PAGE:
I love the way music and song make me feel. Music can meet us where we are mentally at any given moment – calming, comforting, inspiring us. Music reaches the soul, encourages us, blesses us, and heals us.
“Music has the power to wash away the dust of everyday life, and medical experts believe it may also imbue physical and social benefits.”
Researchers are beginning to focus on the importance of the arts, especially music, in bringing about healing of heart problems, depression, and other various mental disorders. The Los Angeles Times reported in an article titled, “The hope of music’s healing powers”, “researchers are finding that music may be an effective balm for many other afflictions” such as autism, Alzheimer’s, and the physical stress of entering the world too early.
The effects of music go so far as to “reduce feelings of physical pain to boosting memory.” Interestingly, it doesn’t even matter what type of music one listens to or plays, the Mayo Clinic substantiates the research that music has health benefits.
Jesse Palidofsky, a song writer, teaches a class at Common Ground on the Hill, hosted by McDaniel College in Westminster, MD, “Music and Healing: Body, Mind and Soul.” He says in an article in the July 9 issue of the Carroll County Times*, that music saved his life. As a teenager he suffered with depression and “began song-writing as a self-therapy.”
He mentioned in the class that “former Arizona Congresswoman Gabby Giffords” learned to “sing before she could talk after experiencing brain damage from a shooting incident.”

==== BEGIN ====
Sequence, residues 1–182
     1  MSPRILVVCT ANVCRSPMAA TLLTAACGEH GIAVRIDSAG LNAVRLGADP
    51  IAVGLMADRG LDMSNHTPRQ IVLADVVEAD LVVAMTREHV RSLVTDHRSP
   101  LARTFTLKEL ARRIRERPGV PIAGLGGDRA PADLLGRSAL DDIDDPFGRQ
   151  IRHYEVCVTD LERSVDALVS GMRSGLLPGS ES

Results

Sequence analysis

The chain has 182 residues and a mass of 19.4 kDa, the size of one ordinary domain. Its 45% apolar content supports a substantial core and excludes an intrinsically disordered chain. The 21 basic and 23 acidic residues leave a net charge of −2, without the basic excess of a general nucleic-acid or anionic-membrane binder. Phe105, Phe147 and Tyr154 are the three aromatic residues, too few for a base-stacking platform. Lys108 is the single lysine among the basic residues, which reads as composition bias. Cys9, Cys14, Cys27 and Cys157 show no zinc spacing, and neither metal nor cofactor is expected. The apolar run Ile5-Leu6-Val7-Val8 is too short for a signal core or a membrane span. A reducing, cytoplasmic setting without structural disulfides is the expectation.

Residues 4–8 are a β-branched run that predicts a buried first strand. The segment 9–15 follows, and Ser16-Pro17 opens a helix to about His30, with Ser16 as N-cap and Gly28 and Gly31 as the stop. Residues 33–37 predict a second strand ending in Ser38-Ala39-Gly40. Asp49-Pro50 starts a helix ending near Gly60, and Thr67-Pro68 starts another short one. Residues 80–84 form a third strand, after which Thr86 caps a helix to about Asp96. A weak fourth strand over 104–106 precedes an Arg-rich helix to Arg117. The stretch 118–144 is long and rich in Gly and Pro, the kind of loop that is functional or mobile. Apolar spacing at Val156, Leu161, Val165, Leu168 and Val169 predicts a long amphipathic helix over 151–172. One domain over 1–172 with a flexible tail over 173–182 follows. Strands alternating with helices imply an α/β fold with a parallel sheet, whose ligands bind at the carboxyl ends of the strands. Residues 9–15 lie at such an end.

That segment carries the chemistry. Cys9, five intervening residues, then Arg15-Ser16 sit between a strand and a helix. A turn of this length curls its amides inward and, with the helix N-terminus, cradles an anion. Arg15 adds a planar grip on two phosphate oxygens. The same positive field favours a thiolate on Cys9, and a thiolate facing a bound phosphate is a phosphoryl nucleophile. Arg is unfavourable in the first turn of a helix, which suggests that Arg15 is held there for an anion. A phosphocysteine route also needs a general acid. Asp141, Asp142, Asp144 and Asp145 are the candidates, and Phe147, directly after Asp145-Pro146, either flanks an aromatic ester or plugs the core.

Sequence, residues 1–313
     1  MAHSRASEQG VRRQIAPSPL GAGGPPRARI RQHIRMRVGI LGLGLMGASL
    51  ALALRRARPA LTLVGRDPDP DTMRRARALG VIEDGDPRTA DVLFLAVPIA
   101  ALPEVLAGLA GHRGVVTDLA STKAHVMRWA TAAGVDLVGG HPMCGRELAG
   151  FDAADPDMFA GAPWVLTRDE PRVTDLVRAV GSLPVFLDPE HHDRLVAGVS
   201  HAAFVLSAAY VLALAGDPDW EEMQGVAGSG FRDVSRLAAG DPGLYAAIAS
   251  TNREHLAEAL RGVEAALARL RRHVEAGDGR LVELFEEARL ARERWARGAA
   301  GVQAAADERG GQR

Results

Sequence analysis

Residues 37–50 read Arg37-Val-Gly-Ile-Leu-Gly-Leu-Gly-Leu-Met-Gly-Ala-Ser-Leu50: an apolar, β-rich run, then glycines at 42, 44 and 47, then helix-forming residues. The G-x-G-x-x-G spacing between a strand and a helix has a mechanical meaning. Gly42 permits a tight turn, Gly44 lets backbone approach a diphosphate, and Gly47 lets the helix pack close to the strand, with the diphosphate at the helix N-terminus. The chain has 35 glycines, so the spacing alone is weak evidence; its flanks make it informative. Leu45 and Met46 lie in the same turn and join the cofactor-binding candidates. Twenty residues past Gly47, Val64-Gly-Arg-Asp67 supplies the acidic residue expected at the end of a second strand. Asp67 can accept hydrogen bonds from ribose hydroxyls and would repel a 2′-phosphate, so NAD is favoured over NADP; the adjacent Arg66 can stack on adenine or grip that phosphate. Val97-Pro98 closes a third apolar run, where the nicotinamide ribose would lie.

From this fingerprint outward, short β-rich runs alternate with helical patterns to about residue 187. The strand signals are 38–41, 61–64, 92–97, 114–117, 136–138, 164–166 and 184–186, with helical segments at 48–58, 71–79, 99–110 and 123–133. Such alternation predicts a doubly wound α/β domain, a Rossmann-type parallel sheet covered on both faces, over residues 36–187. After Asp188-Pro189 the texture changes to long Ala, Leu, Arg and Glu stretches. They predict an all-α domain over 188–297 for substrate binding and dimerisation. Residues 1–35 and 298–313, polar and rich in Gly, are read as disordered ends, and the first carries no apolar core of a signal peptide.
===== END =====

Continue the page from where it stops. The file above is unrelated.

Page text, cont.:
“Music is more powerful than we know and we would not survive without it,” Palidofsky feels.
I remember one experience where these words rang true in our household. My husband was feeling depressed during one Christmas Season. You might say he had the “Bah, humbug” approach to the season. We were facing a crisis from almost every front. One evening while we were watching Dr. Seuss’, How the Grinch Stole Christmas, (this was always a must-see in our household), and I must add, this was not just for the children but for my husband – it is his favorite holiday flick.
When the last song at the end of the film finished, my husband was free of the depression that had plagued him.
“Welcome Christmas bring your cheer.
Cheer to all Who’s far and near.
Christmas Day is in our grasp, so long as we have hands to clasp.
Christmas Day will always be, just as long as we have we.
Welcome Christmas while we stand, heart to heart and hand in hand.”
With a new attitude, every challenging situation we faced that holiday season was settled in a calm and joyful way.
The story of Job in the Bible gives a glimpse into how past peoples have also found music a healing balm. In the depths of despair, having lost his family, all his property, and his health, Job asks this question: “Where is God my maker, who giveth songs in the night?” His prayers are answered. He ends up with more than he had in the beginning.
In the midst of the darkness of depression the Grinch and Whos of Who-ville joining in song helped my husband realize that no matter what was going on in our family and household, “we had we” and we were “heart to heart and hand in hand” in the night as well as in the sunlight.